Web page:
Pentesting gRPC-Web : Recon and reverse-engineering

gRPC-Web has reached General Availability! The official blog announcement can be found here: https://grpc.io/blog/grpc-web-ga gRPC makes leveraging Protocol Buffers extremely easy, and ProtoBufs in and off itself has some very good advantages over REST when it comes to performance and contract-based development. However so far ProtoBufs are used typically in the backend to facilitate inter-microservice communication. Before gRPC-Web, a REST API server was required specifically to translate normal HTTP REST commands into ProtoBuf, which introduced more moving parts. With the release of gRPC-Web, developers can leverage ProtoBufs end-to-end, including in the frontend. This is summarized in the architecture diagram from the gRPC-Web blog post below:
GRPC Web Architecture, https://grpc.io/blog/grpc-web-ga
Getting started is very straightforward, and we had no issues setting up a basic gRPC-Web based architecture with plain Javascript in the frontend, a NodeJS backend server, and an Envoy proxy in between. The full setup is outlined in the gRPC-Web Hello World example: https://github.com/grpc/grpc-web/tree/master/net/grpc/gateway/examples/helloworld With that setup, we can begin our analysis

Identifying gRPC-Web traffic

This is relatively straightforward. Looking at the HTTP headers of intercepted traffic, we see tell-tale “grpc” in several locations such as
  • Accept request header
  • Content-Type request header
  • Access-control-expose-headers in the response header
gRPC header locations
Note the “grpc-web-text” application type. For the remainder of this article we assume that this is being used, however it is worth nothing that this is not the only possible value [Ref1].

Decoding gRPC-Web traffic

If you observe the gRPC-Web traffic passing over the wire, you’ll notice the base64 encoded data, similar to the below:
Base64 encoded traffic
This presents a new challenge and opportunity when performing penetration tests on gRPC-Web powered services. The challenge is that gRPC-Web is not as intuitive as REST APIs when viewed over the wire or intercepting in a proxy. If we decode the Base64 traffic above, we see some readable data along with some binary data, so we pass the result through a hex editor (xxd in this case):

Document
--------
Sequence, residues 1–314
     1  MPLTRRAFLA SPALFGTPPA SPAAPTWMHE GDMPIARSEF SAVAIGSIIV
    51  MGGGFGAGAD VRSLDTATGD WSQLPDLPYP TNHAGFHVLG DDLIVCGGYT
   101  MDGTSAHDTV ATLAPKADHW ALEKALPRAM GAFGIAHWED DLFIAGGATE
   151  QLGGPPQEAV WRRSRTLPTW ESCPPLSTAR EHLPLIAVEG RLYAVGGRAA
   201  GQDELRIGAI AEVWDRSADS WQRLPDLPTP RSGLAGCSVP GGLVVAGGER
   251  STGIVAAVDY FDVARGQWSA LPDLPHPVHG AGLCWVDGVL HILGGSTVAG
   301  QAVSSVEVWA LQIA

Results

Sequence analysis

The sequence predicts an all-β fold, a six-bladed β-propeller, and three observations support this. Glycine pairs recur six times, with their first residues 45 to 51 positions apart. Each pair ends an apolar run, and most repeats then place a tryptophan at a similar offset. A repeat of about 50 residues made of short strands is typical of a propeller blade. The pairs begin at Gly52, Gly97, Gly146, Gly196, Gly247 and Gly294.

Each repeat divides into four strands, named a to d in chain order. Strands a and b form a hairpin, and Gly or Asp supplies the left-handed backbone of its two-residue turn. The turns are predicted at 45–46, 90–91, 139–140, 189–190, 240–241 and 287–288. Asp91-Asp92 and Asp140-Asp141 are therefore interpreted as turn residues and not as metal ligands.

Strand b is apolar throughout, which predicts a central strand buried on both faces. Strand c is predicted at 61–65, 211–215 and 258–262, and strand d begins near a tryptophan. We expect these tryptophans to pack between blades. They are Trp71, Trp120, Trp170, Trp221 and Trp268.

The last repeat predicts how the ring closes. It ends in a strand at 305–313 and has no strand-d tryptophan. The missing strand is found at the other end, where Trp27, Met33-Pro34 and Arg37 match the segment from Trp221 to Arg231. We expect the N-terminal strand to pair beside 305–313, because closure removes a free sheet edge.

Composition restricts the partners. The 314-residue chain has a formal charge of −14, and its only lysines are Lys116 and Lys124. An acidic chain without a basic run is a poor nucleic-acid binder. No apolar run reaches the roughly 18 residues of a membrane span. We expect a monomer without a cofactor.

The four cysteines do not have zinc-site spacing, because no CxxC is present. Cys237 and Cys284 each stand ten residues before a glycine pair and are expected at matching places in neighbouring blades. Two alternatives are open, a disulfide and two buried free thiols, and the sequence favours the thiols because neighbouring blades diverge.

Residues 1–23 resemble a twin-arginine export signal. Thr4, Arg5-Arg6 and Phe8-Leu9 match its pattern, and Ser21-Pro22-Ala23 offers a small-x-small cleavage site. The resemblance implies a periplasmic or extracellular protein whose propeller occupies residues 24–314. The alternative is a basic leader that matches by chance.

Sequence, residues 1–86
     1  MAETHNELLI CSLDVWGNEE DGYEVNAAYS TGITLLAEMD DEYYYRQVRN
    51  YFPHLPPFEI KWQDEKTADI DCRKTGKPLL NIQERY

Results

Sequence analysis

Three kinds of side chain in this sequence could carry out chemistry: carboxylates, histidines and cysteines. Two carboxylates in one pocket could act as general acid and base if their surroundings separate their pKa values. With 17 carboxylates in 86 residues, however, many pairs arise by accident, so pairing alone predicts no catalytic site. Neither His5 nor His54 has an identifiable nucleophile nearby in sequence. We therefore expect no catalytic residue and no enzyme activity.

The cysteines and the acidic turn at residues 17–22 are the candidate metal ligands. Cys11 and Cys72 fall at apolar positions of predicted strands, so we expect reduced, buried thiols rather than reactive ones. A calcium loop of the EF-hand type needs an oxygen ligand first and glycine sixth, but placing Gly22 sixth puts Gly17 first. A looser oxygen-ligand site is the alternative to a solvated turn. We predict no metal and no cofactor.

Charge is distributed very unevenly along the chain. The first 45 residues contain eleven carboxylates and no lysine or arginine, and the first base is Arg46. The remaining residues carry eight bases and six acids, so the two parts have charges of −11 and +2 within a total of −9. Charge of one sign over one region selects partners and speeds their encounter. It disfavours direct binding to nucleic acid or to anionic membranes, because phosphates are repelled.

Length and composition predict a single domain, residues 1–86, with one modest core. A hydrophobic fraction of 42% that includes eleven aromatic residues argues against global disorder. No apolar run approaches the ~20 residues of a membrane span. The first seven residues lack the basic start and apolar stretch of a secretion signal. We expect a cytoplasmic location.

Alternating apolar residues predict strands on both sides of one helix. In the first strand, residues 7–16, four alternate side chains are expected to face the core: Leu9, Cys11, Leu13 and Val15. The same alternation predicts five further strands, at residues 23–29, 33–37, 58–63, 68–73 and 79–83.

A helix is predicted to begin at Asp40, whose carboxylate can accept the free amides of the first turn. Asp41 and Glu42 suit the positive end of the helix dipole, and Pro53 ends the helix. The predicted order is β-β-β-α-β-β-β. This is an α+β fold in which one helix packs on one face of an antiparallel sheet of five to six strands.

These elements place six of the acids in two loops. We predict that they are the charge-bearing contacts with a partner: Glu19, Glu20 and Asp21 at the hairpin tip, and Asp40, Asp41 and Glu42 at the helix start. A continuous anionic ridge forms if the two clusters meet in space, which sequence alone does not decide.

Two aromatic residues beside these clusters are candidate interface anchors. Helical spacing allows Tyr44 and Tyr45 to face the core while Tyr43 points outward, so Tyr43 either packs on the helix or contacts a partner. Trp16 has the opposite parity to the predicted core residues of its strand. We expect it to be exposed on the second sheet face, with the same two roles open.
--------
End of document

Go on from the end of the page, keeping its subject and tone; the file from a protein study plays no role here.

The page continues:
We could fuzz these payloads directly, but it would definitely help if we knew the structure behind these payloads, to know what to fuzz and figure out inter-dependencies and so on. This is where the opportunity lies: Since gRPC-Web is ProtoBuf based, and the latter uses .proto files to generate client stubs, these client stubs are included in the generated frontend JavaScript code, and can be used to get an idea of the gRPC message structure

Reverse-Engineering the minified JS code

In the getting started guide, WebPack was used to generate and minify the client-side JavaScript code. This makes the reverse-engineering of the message structure not very straightforward, however it is certainly possible to do so. We wrote a quick python script (see the Github Link here) that does exactly this. It should be straightforward to use this script as a starting point for your own investigations. First, let’s look at the actual .PROTO file which generates the traffic (also present in the Github link above):
Using the above .PROTO file, the protobuf compiler generates JavaScript modules which developers can use to quickly get and set values within the message. In the above example, two RPC services are defined, “SayHello” and “SearchResults“. In the case of SearchResults, an Empty request is expected, and a message of type “SearchResponse” is returned in the request. SearchResponse is in turn a list (or array) of messages of type Result, Running the resulting webpack minified frontend JS code through our python script, we manage to reverse-engineer this structure, as shown in the results below:
Results of the reverse-engineering attempt
The python script basically parses the minified JS file looking for keywords that indicate the presence of message definitions, so JS obfuscation would thwart these efforts, however the exersize does show that it is possible to extract the message structure with some work. Note how during reverse engineering we also managed to extract the gRPC endpoints being used by the JS code, which aids in recon efforts.

Going further

The script presented above is just a starting point to guide your efforts in reverse engineering gRPC-Web JS files, however it is not a silver bullet since JS obfuscation or custom webpack/browserify configurations would likely change the resulting minified JS code and parsing would subsequently not work properly. A few points to help in such situations:
  • Chrome and Firefox dev tools both allow you to “prettify” minified JS code that is present on a site. During a pentest, observer HTTP calls and note the URL endpoints that are being used. Then, search the prettified JS code for these URL endpoint addresses, and set debugger break-points on or near any found statements
  • A lot of the usual techniques that we apply to REST based APIs still apply (eg injection, either XSS or SQLi or CSRF). Search the web-page for any reflections that are controlled by user-input. In the toy gRPC-Web example we built, the HTML code was controlled by the URL location hash, which could lead to an injection vulnerability. gRPC-Web in and of itself does not mitigate these types of design vulnerabilities, so these should still be high on your pentest check-list, just like in typical REST API testing
 

Code Links

https://gist.github.com/dvas0004/e4f2f65ae5d66491adda99d51dfc2b57
 
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